'Reception (Jean Bellete's Studio) documentation', 2003.

'Reception' 2003-4.

Conny Dietzschold Gallery, Sydney.

Reception 2003-4' Conny Dietzschold Gallery. Photo Su Blackburn.


'Reception' is part desk and part room. Its shape and scale is the pattern of the reception desk in Conny Dietzschold Gallery, and its three dimensional form is the right angle where wall meets floor. The pattern is positioned in the room so that this right angle is located where the pattern needs to bend in the process of becoming the desk. Made of unbound titanium oxide, it is white like its parent forms, but with a more open surface - not being sealed with a binder in the way that white house paint normally is, the white oxide transfers to anything that it touches. This nascent and open character is partly what distinguishes it from the furniture and architectural space from which it otherwise originates.

It was first made in 2003, in the studio of Jean Bellette, built onto the miner's shack in Hill End in rural NSW where she and Paul Haefliger lived in the early 1950s. There, the desk pattern was made using the architectural space of the studio, and documented in photographs with the furniture etc that Bellette and Haefliger brought with them. This furniture etc is still there, appearing slightly enigmatic now because the eclectic tastes and lives of Bellette and Haefliger, which may have given its location there more meaning, have long since gone. With its own peculiarity as almost-furniture itself, 'Reception' looked quite at home with the idiosyncratic collection that Bellette and Haefliger left behind when they migrated to Marjorca in 1957.

The temptation is to anthropomorphise the old remnant furniture as silent witnesses to or relics of this small part of the past. In its capacity to represent absence in this way, however, the furniture resembles the way that documentation of site-specific art is necessarily an incomplete record because of the impossibility of including in a photograph that which is often the artwork's major component, the live quality of the site. In acknowledging the selectivity of photographic documentation, the incomplete nature of what is pictured, the photographs of 'Reception' taken at Hill End hopefully allude to the ongoing life of the site that is also otherwise excluded. Ironically, by echoing the function of the old furniture in this way, the photos incorporated 'Reception' even more into the situation of the Hill End studio, enabling it to change status from a visiting site-specific artwork to a completely adopted one.

This problem of the documentation of site specific art was an important element in 'The Aureolin Collection - Sites', a collaborative exhibition in 2003 with Stephen Sullivan, in which we recognized that heavily cropping the photographic documentation of site specific work echoed the way this process of documentation cropped the work by deleting the live site altogether. The 'Sites' exhibition restored the live site by including floor lighting, which - by being atypical gallery lighting - recognised, as part of the exhibition, the live site of the gallery in which the cropped photos were shown. The photographs of 'Reception' taken in Jean Bellette's studio owe a debt to that prior collaborative work (though their limitations are my own). The photographs documenting 'Reception' in Hill End accompanied 'Reception' when it was made again in its place of origin, Conny Dietzschold Gallery, in 2004.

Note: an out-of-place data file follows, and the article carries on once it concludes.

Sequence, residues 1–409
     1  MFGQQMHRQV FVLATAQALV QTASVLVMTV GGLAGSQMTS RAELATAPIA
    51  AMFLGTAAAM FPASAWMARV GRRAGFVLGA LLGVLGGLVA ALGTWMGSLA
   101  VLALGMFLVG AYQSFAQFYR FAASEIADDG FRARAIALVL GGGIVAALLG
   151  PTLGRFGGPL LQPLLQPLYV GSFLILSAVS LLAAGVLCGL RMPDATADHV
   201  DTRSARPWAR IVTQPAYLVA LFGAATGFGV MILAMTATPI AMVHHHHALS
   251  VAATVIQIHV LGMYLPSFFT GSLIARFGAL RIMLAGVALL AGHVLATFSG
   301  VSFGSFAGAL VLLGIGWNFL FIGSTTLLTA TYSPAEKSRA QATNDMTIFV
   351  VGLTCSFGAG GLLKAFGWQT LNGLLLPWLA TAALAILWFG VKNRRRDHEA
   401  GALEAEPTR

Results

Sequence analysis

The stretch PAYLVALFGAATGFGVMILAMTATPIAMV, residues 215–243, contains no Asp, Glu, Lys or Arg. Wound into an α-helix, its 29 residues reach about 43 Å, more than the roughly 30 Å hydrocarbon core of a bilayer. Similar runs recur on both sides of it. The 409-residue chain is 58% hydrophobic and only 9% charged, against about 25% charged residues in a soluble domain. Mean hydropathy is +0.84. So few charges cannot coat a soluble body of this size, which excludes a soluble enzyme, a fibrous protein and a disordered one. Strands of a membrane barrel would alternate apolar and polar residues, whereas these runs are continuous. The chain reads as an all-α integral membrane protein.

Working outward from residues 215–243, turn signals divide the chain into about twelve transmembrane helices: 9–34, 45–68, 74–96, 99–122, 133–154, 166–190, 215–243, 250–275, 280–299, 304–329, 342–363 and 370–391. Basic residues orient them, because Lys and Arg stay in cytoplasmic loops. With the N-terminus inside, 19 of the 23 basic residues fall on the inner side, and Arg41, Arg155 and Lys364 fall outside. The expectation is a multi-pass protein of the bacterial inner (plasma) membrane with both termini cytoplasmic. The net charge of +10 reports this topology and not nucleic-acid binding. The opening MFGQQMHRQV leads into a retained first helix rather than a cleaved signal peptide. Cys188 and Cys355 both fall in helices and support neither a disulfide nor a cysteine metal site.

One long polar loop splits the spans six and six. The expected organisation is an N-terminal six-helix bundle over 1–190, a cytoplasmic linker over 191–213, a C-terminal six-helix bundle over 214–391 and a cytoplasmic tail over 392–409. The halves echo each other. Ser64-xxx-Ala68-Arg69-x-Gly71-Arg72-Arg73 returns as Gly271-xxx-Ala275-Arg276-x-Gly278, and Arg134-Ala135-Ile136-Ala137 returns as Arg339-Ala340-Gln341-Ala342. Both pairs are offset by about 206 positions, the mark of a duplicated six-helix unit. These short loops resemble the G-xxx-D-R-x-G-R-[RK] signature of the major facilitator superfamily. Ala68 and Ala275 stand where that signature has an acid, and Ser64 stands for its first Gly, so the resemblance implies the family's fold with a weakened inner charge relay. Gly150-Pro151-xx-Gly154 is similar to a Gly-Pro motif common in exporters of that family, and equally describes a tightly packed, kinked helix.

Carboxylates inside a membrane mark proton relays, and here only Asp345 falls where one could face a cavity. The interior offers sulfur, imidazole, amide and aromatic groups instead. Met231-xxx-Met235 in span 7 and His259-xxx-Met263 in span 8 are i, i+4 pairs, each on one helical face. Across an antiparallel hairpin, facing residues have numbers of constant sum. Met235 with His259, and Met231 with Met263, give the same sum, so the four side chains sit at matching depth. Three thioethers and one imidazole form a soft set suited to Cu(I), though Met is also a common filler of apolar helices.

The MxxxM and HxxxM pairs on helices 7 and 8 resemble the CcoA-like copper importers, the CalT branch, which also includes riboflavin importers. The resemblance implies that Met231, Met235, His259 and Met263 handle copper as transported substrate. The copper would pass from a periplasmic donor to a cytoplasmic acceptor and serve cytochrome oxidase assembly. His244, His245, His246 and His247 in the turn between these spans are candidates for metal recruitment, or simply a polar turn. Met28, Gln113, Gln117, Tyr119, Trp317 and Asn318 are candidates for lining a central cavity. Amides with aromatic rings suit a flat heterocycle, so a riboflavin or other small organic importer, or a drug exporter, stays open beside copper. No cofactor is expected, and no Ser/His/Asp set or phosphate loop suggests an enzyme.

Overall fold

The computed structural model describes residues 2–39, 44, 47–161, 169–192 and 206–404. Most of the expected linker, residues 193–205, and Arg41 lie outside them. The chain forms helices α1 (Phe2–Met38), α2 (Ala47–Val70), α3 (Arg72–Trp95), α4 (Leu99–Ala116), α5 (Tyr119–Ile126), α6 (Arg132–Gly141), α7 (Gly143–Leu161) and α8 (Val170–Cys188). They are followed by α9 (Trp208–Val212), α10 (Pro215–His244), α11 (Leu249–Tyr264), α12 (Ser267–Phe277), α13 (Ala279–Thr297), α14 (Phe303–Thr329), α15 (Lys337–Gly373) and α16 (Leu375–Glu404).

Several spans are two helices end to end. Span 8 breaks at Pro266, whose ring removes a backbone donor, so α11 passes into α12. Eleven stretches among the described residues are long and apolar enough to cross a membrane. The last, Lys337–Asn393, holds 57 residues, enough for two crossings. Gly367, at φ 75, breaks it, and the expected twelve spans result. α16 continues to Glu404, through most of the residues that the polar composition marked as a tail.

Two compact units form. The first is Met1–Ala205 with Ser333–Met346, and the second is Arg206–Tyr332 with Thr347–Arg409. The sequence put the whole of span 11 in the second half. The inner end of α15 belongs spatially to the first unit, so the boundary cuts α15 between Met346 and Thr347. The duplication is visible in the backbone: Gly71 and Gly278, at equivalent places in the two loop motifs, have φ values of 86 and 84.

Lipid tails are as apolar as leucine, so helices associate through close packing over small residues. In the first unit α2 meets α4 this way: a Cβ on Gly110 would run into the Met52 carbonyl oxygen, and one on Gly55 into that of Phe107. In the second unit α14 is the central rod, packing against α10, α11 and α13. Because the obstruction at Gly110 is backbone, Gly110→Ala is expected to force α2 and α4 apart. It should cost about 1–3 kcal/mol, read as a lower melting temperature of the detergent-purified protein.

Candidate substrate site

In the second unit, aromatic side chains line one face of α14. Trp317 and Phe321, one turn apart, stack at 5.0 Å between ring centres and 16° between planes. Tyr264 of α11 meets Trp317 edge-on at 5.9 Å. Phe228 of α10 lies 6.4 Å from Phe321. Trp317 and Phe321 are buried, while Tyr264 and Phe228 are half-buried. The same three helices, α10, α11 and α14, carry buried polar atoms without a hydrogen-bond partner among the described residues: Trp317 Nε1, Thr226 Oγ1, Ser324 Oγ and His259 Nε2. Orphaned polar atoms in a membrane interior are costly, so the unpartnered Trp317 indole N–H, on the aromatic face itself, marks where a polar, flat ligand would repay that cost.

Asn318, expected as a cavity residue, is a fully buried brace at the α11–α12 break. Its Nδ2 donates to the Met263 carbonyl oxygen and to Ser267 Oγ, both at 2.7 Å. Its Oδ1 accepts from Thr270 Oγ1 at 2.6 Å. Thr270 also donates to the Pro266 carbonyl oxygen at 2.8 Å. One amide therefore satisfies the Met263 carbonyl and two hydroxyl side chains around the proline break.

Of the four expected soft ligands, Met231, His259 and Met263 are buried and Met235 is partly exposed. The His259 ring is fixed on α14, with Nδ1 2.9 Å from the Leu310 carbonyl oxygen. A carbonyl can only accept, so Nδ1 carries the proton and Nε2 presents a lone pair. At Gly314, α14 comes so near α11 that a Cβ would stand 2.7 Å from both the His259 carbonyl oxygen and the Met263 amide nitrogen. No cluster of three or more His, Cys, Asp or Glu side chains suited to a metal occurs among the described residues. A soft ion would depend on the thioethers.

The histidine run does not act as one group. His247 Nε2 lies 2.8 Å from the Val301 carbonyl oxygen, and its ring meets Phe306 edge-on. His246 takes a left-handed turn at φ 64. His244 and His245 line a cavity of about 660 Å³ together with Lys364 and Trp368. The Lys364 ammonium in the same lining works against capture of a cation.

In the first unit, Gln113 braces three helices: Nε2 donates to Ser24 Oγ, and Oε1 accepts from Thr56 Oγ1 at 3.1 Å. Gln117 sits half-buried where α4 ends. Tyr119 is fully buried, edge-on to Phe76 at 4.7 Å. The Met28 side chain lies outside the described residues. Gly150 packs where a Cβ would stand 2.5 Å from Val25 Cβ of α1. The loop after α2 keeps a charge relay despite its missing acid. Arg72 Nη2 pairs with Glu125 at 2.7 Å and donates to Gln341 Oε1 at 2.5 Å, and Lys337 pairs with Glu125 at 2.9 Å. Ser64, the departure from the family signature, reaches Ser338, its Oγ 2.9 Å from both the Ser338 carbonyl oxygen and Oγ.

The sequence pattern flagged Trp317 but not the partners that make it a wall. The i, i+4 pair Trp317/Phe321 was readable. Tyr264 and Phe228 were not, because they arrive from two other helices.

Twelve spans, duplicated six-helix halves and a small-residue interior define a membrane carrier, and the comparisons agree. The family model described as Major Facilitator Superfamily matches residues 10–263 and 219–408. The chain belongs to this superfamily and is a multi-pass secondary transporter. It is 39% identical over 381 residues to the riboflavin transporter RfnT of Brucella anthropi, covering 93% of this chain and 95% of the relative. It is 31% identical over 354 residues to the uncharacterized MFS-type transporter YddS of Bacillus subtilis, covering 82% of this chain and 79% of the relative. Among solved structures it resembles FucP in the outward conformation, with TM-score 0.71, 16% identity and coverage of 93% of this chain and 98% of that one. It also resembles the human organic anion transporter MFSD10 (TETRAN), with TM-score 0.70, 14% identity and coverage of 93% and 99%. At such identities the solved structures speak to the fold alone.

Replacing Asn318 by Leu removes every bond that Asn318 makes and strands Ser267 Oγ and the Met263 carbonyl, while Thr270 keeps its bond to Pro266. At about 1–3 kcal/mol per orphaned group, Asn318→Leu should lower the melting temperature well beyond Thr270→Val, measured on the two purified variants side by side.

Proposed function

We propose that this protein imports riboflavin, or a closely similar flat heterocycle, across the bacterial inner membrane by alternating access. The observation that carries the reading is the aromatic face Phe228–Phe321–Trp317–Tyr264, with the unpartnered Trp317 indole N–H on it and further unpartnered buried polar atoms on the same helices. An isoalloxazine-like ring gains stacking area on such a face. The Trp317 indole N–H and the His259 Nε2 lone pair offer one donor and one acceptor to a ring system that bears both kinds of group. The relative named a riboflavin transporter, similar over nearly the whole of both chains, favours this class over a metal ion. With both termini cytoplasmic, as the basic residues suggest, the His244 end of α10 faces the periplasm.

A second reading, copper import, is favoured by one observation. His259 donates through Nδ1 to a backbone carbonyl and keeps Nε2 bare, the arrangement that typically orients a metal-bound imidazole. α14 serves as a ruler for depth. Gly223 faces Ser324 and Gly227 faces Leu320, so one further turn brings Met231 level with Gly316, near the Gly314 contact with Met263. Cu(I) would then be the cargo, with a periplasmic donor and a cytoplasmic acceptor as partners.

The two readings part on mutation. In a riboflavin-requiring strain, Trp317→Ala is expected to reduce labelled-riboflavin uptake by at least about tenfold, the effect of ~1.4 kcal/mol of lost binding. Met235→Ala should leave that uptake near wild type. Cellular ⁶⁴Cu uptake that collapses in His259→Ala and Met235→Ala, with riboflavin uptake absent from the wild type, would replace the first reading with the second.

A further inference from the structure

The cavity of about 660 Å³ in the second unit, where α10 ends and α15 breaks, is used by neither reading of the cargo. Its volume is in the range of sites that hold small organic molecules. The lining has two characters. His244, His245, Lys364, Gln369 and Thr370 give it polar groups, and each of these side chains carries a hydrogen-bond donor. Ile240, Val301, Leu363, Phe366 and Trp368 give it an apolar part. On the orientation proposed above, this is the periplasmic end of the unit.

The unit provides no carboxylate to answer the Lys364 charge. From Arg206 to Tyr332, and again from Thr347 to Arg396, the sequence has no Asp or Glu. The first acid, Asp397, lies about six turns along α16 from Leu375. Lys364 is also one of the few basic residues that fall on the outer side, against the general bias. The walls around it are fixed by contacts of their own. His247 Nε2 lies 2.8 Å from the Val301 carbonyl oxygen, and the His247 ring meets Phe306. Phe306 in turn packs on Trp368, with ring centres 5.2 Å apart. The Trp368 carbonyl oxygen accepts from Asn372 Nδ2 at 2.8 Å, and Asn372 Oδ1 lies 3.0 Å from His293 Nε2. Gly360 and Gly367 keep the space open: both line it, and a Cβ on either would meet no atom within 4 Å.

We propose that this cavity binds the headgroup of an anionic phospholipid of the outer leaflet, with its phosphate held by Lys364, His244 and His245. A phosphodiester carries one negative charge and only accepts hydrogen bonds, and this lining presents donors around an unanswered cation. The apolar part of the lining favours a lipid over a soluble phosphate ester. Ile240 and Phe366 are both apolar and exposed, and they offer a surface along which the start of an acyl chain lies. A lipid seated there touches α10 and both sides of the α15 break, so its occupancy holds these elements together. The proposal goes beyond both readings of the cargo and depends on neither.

The photos of 'Reception' at Hill End may represent a continuity with the past, following on from the temporal implications of the nascent state of 'Reception' itself. They may also echo the spatial continuity of 'Reception': viewers could recognize that what is partly absent in the photos (the white shape) is fully present in the gallery, and that they and other viewers etc may have a similar relationship to the white shape that the exotic furniture did in the situation photographed. They may also notice the continuity of the white shape on the ground where they are standing - and perhaps also in the edge of their field of vision - into the represented space of the photograph which they look into but from which they are excluded. This relationship may echo the nature of the continuity between the space of the white shape in 'Reception' and the space in which they stand as live viewers.

Margaret Roberts 2004 .